Poetry Explorer- Classic Contemporary Poetry, PAMPINEA, by THOMAS BAILEY ALDRICH



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PAMPINEA, by             Poet's Biography
First Line: Lying by the summer sea
Last Line: I slept and dreamed of italy!
Subject(s): Italy; Beauty; Italians


LYING by the summer sea
I had a dream of Italy.

Chalky cliffs and miles of sand,
Mossy reefs and salty caves,
Then the sparkling emerald waves,
Faded; and I seemed to stand,
Myself a languid Florentine,
In the heart of that fair land.
And in a garden cool and green,
Boccaccio's own enchanted place,
I met Pampina face to face --
A maid so lovely that to see
Her smile is to know Italy.
Her hair was like a coronet
Upon her Grecian forehead set,
Where one gem glistened sunnily
Like Venice, when first seen at sea.
I saw within her violet eyes
The starlight of Italian skies,
And on her brow and breast and hand
The olive of her native land.

And, knowing how in other times
Her lips were ripe with Tuscan rhymes
Of love and wine and dance, I spread
My mantle by an almond-tree,
And "Here, beneath the rose," I said,
"I'll hear thy Tuscan melody."
I heard a tale that was not told
In those ten dreamy days of old,
When Heaven, for some divine offence,
Smote Florence with the pestilence;
And in that garden's odorous shade
The dames of the Decameron,
With each a loyal lover, strayed,
To laugh and sing, at sorest need,
To lie in the lilies in the sun
With glint of plume and silver brede.
And while she whispers in my ear,
The pleasant Arno murmurs near,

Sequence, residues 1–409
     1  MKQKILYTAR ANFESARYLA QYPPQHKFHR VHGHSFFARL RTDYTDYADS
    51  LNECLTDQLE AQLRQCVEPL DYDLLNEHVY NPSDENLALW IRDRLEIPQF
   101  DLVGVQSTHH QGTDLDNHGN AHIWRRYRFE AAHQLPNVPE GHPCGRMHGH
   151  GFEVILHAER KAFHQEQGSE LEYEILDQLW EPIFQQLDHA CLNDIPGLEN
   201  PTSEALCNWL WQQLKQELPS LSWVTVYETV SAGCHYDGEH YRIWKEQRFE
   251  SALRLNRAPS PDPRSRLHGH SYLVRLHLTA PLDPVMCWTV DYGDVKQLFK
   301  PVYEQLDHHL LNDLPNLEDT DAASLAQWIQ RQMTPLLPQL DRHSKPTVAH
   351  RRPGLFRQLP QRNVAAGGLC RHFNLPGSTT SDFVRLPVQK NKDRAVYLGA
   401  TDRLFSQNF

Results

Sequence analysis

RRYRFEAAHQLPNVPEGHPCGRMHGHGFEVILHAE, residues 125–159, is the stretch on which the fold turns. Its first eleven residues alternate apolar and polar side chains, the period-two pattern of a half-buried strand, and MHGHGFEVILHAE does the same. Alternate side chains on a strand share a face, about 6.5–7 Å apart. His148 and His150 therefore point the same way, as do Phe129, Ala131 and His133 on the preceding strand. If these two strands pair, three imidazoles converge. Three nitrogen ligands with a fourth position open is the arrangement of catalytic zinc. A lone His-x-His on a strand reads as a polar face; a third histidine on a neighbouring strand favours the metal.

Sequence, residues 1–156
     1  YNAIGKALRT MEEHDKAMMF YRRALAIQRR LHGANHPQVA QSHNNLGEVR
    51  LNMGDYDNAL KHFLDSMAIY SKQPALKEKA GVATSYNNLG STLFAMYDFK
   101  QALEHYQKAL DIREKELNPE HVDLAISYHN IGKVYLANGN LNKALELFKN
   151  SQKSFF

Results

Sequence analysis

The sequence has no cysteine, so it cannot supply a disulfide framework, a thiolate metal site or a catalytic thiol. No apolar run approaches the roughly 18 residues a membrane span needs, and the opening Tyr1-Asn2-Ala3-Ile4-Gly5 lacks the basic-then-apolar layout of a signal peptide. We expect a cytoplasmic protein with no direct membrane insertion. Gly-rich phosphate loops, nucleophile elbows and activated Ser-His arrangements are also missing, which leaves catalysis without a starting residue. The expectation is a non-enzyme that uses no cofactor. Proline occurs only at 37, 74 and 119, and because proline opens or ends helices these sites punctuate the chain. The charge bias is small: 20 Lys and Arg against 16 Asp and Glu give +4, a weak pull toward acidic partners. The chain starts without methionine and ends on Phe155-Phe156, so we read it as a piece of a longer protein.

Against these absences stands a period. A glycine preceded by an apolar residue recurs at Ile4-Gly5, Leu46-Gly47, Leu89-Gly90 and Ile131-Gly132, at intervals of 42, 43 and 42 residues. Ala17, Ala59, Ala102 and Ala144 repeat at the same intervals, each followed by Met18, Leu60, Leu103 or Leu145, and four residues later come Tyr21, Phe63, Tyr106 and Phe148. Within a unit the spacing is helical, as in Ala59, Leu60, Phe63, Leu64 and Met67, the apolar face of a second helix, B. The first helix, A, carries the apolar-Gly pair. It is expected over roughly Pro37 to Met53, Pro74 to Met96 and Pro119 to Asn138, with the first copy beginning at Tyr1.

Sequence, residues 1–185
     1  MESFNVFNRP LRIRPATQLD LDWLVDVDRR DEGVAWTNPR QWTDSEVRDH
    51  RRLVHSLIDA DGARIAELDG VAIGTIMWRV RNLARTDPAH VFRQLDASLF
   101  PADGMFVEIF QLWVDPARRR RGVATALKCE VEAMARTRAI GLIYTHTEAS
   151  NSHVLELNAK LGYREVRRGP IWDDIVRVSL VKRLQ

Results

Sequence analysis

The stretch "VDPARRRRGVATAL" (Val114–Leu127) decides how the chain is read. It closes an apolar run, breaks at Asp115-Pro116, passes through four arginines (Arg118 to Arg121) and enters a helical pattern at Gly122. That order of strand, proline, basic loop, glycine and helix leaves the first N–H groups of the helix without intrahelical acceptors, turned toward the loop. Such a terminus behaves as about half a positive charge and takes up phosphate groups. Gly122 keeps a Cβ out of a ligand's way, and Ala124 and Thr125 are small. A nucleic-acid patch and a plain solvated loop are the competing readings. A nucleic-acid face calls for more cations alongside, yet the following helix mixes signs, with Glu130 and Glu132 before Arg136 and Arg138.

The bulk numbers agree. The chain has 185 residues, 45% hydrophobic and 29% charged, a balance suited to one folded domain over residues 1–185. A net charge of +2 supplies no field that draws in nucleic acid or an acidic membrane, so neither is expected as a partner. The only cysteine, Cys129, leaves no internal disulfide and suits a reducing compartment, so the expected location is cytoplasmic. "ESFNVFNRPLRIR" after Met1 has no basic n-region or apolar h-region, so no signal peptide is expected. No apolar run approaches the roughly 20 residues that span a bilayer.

The dewy, slim chameleons run
Through twenty colors in the sun;
The breezes blur the fountain's glass,
And wake AEolian melodies,
And scatter from the scented trees
The lemon-blossoms on the grass.

The tale? I have forgot the tale --
A Lady all for love forlorn,
A rosebud, and a nightingale
That bruised his bosom on the thorn;
A jar of rubies buried deep,
A glen, a corpse, a child asleep,
A Monk, that was no monk at all,
In the moonlight by a castle-wall.
Now while the large-eyed Tuscan wove
The gilded thread of her romance --
Which I have lost by grievous chance --
The one dear woman that I love,
Beside me in our seaside nook,
Closed a white finger in her book,
Half vext that she should read, and weep
For Petrarch, to a man asleep!
And scorning me, so tame and cold,
She rose, and wandered down the shore,
Her wine-dark drapery, fold in fold,
Imprisoned by an ivory hand;
And on a bowlder, half in sand,
She stood, and looked at Appledore.

And waking, I beheld her there
Sea-dreaming in the moted air,
A siren lithe and debonair,
With wristlets woven of scarlet weeds,
And oblong lucent amber beads
Of sea-kelp shining in her hair.
And as I thought of dreams, and how
The something in us never sleeps,
But laughs, or sings, or moans, or weeps,
She turned -- and on her breast and brow
I saw the tint that seemed not won
From kisses of New England sun;
I saw on brow and breast and hand
The olive of a sunnier land!
She turned -- and, lo! within her eyes
There lay the starlight of Italian skies.
Most dreams are dark, beyond the range
Of reason; oft we cannot tell
If they are born of heaven or hell:
But to my soul it seems not strange
That, lying by the summer sea,
With that dark woman watching me,
I slept and dreamed of Italy!





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